Gus, male, up for adoption
Well we need to start out with a serious apology for such a long dration between this and our last report on the happenings at ARC. It has definitely been a busy summer/fall and we are already into the fourth quarter.
Where to start? We have had a few staffing changings. Melanie Airessohn, our former assistant director has chosen to move on to other avenues. We all want to thank her for her undeniable help and care for ARC. She played a vital role in the startup process of our organization from filing with the federal and state agencies for our 501c3 status to the writing of our mission statement along with all other documents we currently use in running our amazing rescue/sanctuary for large variety exotic and endangered avian species. Again, we wish her well and a huge thank you for a job well done.
We have also posted an ad looking for a part time animal care person. We hope to have someone who could assist supervising the facility in upper managements absence, as we all need a break when working in rescue with animals. Burn out is a serious condition in this field of work and we all must remember to care for ourselves so that we may care for the lives under our care. We hope to find someone with large exotic bird experience.
Though ARC does not, in general, take on volunteers. We found it necessary to identify someone who has the time and ability to manage our social media work as it does seem that we are able to find time to keep up with this part of our outreach to you our supporters. I am very happy to announce we have found someone who comes to us as a first-time bird owner who has lots of ideas and suggestions for our social media footprint. We are currently updating our bird profile posts on Facebook and Instagram, our webpage as well as our binders that we have placed at local avian vet offices. Please do send your suggestions to us by responding to one of our recent posts as we are always looking for topics that interest you. It’s our goal to post on social media not just the happenings here at ARC but information on topics from around the world that relate to birds of all kinds.
We have had a few adoptions these past few months: Chili Pepper, Mozart, Waffles, and Jorge have all found amazing homes. Most have had several check ins and the news and photos are very refreshing and always gives us the desire to continue our work. On a sad but good ending Rubio was adopted but returned to ARC several weeks after being adopted. As some of you might remember Rubio came to us with a serious case of feather destructive behavior. We had him, in a sense, in remission and over the last two years he was with us, he continued to show promise of new feather growth. After the normal fall molt, which many of our birds seem to experience, he definitely had filled in with more and more feathers. We evaluated the new family and Rubio on all 3 visits who seemed to show good interest in all the members of the family. The family had prepared their home following all the points they learned while taking our adoption class. After just less than 2 weeks we received a call that Rubio was acting aggressive and had started plucking his feathers. Sadly, by the time we arranged for his return he was hyper-focused on plucking his feathers once again and we had to start back at square one. At this time, he is off his meds and once again has new feather growth coming in and with that the board of directors and staff voted to make Rubio a permanent part of the sanctuary. Now, Rubio will be allowed to live his life out here where he obviously feels the safest and yes, we feel the happiest.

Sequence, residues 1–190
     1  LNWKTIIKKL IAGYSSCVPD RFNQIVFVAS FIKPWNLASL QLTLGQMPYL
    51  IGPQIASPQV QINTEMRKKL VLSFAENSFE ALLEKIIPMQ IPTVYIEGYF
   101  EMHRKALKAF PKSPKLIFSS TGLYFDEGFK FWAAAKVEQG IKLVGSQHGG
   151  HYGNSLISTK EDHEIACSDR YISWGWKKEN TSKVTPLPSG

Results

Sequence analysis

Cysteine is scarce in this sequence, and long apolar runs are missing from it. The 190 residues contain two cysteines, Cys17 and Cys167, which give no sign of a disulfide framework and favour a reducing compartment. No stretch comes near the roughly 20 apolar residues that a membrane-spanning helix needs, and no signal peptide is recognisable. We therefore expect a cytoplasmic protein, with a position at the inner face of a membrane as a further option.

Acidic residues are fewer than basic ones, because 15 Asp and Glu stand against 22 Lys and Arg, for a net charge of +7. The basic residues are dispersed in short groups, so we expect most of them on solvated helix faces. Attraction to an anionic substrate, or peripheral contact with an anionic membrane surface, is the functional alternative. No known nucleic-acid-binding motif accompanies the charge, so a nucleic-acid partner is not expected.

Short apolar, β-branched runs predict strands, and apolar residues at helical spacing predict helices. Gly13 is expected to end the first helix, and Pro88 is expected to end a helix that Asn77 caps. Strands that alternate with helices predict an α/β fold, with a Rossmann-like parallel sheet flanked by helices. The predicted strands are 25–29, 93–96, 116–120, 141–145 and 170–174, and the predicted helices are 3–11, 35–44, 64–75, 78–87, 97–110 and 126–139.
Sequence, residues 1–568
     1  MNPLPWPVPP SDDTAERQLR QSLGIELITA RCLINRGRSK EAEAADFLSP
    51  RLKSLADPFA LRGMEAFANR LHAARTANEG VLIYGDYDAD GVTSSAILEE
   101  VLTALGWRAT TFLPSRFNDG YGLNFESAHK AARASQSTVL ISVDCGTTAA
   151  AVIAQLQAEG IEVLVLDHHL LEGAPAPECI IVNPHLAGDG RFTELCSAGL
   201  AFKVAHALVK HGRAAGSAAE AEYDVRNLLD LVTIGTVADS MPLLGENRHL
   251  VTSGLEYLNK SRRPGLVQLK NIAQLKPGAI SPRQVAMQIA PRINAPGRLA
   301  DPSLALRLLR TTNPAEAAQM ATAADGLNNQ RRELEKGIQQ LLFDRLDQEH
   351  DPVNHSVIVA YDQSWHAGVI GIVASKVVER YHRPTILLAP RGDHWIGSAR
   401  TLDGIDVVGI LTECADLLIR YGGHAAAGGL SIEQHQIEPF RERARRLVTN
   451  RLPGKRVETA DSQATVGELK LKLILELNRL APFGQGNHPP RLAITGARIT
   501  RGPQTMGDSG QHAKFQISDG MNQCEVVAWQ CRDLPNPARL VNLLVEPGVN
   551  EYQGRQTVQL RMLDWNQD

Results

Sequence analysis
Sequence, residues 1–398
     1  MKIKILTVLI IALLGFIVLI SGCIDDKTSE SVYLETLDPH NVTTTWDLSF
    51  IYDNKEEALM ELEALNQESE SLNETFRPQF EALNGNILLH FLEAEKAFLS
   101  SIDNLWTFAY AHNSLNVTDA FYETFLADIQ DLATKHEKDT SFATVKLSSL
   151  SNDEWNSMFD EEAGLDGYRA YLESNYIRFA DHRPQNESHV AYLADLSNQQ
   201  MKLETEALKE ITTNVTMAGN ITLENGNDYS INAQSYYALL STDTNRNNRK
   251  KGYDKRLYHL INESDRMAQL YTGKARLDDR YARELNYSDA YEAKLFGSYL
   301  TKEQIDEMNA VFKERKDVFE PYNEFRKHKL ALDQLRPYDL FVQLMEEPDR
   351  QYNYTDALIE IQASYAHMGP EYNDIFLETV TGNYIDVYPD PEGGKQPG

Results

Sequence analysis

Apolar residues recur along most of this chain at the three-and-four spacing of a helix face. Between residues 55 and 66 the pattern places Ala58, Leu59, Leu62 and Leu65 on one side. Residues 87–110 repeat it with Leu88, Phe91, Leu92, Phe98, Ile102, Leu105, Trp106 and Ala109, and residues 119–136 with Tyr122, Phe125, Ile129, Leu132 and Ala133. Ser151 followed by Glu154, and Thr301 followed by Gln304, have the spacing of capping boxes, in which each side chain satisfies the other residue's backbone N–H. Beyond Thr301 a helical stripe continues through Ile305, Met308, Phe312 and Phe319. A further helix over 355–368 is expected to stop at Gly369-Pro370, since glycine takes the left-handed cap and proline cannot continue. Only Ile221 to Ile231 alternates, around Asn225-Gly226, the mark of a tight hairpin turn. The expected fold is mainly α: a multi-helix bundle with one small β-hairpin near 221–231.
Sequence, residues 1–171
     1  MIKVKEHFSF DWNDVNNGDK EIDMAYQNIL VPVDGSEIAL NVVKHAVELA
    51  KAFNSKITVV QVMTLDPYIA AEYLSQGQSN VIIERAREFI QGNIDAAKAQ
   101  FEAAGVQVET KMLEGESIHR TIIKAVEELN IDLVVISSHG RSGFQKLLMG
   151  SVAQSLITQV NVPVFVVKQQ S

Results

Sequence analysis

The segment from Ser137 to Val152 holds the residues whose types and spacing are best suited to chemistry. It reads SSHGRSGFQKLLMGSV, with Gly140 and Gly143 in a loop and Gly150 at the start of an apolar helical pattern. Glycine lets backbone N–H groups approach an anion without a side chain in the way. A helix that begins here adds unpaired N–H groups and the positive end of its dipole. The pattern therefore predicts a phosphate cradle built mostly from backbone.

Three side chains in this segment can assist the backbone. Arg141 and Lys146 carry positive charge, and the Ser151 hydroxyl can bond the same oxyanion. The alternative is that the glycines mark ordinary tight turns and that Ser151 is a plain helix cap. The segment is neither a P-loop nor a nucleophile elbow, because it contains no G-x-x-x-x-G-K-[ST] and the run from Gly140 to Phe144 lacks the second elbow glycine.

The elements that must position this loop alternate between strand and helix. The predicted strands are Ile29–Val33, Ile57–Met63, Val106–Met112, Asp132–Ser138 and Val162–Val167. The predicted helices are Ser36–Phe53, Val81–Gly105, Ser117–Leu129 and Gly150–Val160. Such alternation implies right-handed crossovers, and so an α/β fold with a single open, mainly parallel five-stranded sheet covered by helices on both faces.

This year has also seen several birds passing. Paco, our Thick Billed Parrot, a jewel you might say in ARC’s Crown, past on at the age of 38. He came to us many years ago prior to ARC being formed. He was a case of owners needing to enter assisted living care and Paco not being allowed to go with them. Over the years we have kept up to date with the daughter of the owners so she could let her parents know he was doing well and flourishing. We shared important data on his wellbeing to people directly involved with the conservation and restoration of the species in its native habitat. On his passing we donated his remains to the San Diego Wild Animal Park so that they might learn even more about this very endangered species. We will all miss his greeting us in the morning with his very unique “High Paco”. We would like to take a moment to mention the other resident birds that have passed on this year: Contessa, Swainson Toucan, Santiago, 80+ yrs. old, Scarlet Macaw; Pierre, age unknown, Goffin’s Cockatoo. Both lived long lives of happiness and contentment. Though we all mourn the loss we also reflect on the amazing care we are able to give every bird through the support of people like you.